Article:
Many dogs suffer from hyperadrenocorticism, more commonly known as Cushing’s Disease. The disease is characterised by excessive amounts of hormones known as glucocorticoids that are produced by the adrenal glands. The disease is more common in older dogs. Most cases result from a tumour in the pituitary gland but some are caused by tumours in the adrenal glands.
The symptoms of a dog with Cushing’s Disease often ‘creep up’ on the owner and vet. Common symptoms include excessive drinking (and urination) and overeating, leading to a pot-bellied appearance, as well as with loss of hair. Since all of these symptoms can stem from a number of disorders, it is difficult to be certain. The methods traditionally used to diagnose the disease are complicated and costly and usually give information about the hormone concentrations at the time a sample is taken. Since most dogs are stressed by veterinary examinations, their hormone levels will peak because of the stress – making it difficult to rely on the analytical results.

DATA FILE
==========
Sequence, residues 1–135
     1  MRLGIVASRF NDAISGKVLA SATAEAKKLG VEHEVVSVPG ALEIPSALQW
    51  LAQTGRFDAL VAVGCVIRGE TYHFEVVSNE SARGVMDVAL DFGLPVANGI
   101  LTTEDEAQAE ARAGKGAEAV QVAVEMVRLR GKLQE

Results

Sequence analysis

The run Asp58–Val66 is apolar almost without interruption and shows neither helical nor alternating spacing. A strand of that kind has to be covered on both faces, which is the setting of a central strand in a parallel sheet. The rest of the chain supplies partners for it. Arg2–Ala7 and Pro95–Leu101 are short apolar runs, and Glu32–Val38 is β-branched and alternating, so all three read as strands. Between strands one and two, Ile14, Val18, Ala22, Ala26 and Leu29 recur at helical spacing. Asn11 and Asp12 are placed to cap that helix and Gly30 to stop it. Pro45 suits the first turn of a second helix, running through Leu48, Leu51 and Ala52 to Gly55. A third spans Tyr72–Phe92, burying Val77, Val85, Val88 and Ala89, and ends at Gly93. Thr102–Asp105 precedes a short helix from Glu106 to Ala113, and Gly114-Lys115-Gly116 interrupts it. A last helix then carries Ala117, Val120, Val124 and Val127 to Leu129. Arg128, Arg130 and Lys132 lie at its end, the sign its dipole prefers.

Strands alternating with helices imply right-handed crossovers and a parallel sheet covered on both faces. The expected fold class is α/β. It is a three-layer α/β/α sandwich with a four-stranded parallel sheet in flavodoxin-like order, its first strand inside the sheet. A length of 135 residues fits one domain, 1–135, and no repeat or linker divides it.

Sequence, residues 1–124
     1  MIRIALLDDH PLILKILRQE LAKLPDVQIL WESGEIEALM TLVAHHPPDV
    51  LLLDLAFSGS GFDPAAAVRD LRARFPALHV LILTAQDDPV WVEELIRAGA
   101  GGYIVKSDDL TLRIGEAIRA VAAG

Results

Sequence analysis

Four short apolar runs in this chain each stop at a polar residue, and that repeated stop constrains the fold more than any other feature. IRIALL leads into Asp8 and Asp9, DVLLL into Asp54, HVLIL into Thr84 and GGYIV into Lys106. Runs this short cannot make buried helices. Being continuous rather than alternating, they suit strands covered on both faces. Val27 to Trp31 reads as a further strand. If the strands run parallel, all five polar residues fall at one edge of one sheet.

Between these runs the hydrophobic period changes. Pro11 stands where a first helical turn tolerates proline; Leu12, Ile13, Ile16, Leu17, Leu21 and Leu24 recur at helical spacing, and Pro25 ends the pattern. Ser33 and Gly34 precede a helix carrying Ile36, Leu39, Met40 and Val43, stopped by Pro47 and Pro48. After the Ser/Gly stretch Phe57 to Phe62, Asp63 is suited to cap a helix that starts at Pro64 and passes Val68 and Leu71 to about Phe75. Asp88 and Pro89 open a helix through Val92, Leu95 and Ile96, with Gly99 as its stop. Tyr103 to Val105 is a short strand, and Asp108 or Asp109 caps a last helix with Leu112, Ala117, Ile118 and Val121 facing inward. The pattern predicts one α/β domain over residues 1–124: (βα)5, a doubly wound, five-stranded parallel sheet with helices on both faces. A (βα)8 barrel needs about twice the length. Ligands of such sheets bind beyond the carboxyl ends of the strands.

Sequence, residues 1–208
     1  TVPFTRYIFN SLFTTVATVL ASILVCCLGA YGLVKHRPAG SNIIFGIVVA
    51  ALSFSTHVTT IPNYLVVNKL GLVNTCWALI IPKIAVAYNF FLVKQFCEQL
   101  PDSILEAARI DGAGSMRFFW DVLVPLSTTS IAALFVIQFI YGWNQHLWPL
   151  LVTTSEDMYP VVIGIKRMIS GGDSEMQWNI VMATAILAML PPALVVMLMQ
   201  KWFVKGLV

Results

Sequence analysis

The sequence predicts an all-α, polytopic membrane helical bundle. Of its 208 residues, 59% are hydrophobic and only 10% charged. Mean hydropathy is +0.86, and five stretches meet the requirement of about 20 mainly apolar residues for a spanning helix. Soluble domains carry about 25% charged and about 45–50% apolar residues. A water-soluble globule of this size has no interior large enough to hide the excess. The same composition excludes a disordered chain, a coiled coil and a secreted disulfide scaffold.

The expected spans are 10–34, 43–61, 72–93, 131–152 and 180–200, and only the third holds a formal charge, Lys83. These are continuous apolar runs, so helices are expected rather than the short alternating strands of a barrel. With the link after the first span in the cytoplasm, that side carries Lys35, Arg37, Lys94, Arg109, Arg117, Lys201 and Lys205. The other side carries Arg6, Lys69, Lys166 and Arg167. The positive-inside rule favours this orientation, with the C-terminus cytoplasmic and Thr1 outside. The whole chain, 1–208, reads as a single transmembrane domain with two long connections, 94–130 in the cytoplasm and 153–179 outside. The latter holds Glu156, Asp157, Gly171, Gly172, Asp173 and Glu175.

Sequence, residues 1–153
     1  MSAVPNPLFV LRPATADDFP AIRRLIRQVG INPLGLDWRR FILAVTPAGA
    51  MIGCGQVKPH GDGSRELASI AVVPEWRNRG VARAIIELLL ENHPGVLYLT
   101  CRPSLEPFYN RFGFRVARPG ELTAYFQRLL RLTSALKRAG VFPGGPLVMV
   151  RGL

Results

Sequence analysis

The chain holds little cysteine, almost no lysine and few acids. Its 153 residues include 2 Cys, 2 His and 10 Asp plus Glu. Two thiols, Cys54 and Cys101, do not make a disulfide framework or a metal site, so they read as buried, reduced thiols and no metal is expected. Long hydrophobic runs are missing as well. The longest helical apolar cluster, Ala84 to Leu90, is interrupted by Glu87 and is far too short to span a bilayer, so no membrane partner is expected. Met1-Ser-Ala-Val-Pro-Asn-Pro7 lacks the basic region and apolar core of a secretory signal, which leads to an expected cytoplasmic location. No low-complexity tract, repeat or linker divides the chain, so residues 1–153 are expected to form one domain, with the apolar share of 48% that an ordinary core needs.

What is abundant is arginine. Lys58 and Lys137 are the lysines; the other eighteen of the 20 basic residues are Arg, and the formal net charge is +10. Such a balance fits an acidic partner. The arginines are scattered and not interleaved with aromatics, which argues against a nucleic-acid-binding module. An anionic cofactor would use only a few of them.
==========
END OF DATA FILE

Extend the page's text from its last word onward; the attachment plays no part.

Researcher Claudia Ouschan and colleagues at the University of Veterinary Medicine, Vienna decided to look for a way to monitor the long-term levels of glucocorticoids in dog hair that would also offer a diagnostic option that was less stressful to the dogs. She compared the levels of cortisol, corticosterone and cortisone in the hair of twelve dogs with hyperadrenocorticism and ten healthy dogs. The results were striking: all three hormones were found at far higher levels in the hair of dogs with Cushing’s Disease than in the control group, with the increase in cortisol particularly pronounced.
She concludes, ‘we think it (our findings) have real promise for use as a rapid and non-invasive method to diagnose hyperadrenocorticism.’
Her research has been published in the journal Veterinary Dermatology.
Source: University of Veterinary Medicine, Vienna media statement